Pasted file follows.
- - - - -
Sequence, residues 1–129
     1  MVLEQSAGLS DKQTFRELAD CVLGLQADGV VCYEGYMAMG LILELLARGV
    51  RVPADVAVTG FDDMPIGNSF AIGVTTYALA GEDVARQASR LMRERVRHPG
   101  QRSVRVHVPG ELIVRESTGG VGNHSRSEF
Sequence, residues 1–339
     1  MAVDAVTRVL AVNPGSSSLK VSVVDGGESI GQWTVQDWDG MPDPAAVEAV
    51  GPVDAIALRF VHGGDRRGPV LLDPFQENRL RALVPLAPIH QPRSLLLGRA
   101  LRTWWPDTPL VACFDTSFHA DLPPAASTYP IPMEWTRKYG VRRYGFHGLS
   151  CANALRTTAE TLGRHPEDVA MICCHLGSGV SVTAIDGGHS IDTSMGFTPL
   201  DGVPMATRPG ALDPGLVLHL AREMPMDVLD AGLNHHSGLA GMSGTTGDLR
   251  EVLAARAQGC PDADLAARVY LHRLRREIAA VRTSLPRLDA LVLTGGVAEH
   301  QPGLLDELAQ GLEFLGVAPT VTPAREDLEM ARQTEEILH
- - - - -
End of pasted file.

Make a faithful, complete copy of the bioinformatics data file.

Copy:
Sequence, residues 1–129
     1  MVLEQSAGLS DKQTFRELAD CVLGLQADGV VCYEGYMAMG LILELLARGV
    51  RVPADVAVTG FDDMPIGNSF AIGVTTYALA GEDVARQASR LMRERVRHPG
   101  QRSVRVHVPG ELIVRESTGG VGNHSRSEF
Sequence, residues 1–339
     1  MAVDAVTRVL AVNPGSSSLK VSVVDGGESI GQWTVQDWDG MPDPAAVEAV
    51  GPVDAIALRF VHGGDRRGPV LLDPFQENRL RALVPLAPIH QPRSLLLGRA
   101  LRTWWPDTPL VACFDTSFHA DLPPAASTYP IPMEWTRKYG VRRYGFHGLS
   151  CANALRTTAE TLGRHPEDVA MICCHLGSGV SVTAIDGGHS IDTSMGFTPL
   201  DGVPMATRPG ALDPGLVLHL AREMPMDVLD AGLNHHSGLA GMSGTTGDLR
   251  EVLAARAQGC PDADLAARVY LHRLRREIAA VRTSLPRLDA LVLTGGVAEH
   301  QPGLLDELAQ GLEFLGVAPT VTPAREDLEM ARQTEEILH